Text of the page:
Looking for Elvis: The Future of Digital Culture

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The history of Western Culture makes it clear that new technology always leads to new forms of content. The Guttenberg printing press helped usher in the novel. Tin tubes of paint and the railroad system made Impressionism possible. Thomas Edison enabled recorded motional pictures and music to become dominant forms of creative expression in 20th century even though he was mostly deaf and uninterested in telling stories.

We are now almost a quarter century into digital age, but we are still listening to music and watching videos in the same way people did in the age of mechanical reproduction. We use laptops and mobile devices more like tape decks to passively play media than as platforms to enable new kinds of cultural expression and experience. Now is the moment to perceive and provoke interactive, intrinsically digital, culture to emerge and take center stage for creative people and popular culture.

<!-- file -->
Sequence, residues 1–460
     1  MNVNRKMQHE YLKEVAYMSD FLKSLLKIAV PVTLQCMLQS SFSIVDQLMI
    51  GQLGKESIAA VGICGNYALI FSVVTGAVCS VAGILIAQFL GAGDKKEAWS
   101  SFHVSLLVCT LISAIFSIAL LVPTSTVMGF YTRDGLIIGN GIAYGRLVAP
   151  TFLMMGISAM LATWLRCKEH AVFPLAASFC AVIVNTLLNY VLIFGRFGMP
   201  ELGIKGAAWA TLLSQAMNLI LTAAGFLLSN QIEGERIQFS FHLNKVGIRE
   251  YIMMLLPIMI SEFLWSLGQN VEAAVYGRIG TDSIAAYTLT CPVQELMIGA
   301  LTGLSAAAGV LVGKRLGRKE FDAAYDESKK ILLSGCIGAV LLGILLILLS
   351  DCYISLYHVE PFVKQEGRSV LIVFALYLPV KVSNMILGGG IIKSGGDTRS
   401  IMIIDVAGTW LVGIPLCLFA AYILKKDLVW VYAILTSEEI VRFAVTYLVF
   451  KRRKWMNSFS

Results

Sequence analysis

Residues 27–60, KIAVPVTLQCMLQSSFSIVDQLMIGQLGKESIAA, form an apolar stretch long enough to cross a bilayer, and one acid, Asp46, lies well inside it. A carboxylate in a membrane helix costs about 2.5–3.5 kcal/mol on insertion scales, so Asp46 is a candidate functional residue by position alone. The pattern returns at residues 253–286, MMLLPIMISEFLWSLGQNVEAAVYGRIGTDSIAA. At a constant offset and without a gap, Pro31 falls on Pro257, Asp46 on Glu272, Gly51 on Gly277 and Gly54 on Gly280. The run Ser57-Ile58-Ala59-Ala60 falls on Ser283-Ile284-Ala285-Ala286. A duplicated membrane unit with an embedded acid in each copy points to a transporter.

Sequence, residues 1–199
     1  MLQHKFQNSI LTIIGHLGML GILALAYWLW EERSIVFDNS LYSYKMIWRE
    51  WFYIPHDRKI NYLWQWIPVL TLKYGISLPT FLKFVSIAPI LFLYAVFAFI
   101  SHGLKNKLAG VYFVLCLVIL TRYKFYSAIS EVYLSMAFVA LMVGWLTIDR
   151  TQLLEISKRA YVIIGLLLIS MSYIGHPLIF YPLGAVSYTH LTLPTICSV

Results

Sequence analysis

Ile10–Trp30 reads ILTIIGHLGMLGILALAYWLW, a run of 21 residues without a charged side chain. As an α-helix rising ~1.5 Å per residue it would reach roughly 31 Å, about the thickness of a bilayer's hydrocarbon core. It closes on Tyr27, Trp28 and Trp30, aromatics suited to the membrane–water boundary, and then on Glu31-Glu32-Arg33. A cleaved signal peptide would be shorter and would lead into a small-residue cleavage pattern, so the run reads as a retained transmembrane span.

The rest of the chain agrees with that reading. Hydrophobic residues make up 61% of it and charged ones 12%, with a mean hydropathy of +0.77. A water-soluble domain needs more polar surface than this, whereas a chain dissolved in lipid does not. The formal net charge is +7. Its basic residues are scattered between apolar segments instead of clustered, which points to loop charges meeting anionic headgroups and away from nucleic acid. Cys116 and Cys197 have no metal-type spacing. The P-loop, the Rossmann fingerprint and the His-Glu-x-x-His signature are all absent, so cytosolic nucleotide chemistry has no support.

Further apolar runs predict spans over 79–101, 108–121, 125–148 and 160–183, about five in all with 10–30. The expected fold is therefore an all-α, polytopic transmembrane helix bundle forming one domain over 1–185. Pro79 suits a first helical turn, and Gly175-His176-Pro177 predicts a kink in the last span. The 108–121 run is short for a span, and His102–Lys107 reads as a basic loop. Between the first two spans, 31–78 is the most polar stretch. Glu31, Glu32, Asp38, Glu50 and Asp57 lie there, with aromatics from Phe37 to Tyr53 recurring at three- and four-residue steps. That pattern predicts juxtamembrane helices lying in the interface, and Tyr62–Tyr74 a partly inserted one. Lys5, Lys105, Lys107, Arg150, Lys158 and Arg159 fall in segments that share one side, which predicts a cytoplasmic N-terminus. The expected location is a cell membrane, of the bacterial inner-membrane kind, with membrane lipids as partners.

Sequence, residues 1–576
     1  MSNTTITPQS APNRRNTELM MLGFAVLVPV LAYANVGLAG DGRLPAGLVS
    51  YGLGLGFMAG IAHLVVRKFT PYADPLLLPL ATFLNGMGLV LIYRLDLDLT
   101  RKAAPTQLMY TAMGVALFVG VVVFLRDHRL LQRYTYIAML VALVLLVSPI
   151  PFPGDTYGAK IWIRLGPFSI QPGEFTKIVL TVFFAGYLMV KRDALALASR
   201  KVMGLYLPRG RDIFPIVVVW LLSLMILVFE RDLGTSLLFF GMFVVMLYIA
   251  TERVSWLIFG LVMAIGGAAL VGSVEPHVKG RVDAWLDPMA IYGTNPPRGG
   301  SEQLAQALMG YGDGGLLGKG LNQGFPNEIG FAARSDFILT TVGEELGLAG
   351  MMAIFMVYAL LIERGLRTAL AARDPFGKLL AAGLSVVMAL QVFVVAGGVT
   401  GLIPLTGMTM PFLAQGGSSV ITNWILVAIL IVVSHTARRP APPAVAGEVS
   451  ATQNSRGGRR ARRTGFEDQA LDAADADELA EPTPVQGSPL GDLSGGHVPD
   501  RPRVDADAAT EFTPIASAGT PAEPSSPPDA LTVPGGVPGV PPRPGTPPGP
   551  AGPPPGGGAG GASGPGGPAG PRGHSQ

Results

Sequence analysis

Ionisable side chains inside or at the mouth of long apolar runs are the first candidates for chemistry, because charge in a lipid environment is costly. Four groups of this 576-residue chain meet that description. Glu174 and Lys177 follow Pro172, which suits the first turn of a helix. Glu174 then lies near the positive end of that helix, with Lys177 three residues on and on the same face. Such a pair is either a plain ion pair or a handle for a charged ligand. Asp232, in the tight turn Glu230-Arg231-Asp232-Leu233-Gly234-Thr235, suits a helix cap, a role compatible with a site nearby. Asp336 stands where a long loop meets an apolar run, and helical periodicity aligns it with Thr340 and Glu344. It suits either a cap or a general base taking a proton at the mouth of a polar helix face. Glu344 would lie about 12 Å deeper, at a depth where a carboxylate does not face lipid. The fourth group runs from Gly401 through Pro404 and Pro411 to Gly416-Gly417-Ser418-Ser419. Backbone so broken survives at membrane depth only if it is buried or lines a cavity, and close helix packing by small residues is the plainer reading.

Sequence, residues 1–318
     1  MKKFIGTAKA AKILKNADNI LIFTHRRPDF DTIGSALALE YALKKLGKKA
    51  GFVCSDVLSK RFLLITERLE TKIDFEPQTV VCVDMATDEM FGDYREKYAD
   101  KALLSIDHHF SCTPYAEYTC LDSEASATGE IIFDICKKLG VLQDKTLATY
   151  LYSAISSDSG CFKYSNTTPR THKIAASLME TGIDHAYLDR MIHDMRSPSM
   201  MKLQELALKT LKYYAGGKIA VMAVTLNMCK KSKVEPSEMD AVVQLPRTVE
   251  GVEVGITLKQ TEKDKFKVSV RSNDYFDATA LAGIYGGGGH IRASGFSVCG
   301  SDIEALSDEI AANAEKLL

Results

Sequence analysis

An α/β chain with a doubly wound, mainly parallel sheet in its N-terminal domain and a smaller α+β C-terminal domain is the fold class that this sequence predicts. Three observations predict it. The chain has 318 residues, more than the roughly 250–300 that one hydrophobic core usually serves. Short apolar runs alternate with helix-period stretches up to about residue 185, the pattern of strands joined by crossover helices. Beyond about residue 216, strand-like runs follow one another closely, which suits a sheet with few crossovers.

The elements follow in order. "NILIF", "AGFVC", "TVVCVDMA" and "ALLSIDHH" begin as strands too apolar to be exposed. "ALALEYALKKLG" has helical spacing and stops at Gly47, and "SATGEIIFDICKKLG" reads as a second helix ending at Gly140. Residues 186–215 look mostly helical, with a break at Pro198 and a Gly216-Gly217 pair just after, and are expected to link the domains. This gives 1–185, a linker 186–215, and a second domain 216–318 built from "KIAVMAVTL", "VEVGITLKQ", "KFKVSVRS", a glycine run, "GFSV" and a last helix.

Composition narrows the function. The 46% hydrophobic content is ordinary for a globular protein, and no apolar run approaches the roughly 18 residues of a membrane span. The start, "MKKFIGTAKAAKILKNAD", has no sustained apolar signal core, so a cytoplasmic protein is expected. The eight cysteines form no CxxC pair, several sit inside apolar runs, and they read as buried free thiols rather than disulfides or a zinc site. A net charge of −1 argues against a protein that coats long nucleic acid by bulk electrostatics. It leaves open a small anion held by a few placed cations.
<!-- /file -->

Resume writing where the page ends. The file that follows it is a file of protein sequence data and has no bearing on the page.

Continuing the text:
(Presented by John Carlin of Funny Garbage at WebVisions NYC 2014)

Published in: Education
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Looking for Elvis: The Future of Digital Culture

  1. 1. Looking for Elvis The Future of Digital Culture
  2. 2. Press Print
  3. 3. Paint Tubes & Railroad Lines
  4. 4. Engineers vs. Artists
  5. 5. Les Electric
  6. 6. Studio Boy
  7. 7. Studio Boys
  8. 8. Studio Boys
  9. 9. Studio Player
  10. 10. Studio Playa
  11. 11. What does Music Look Like?
  12. 12. Bach App Play

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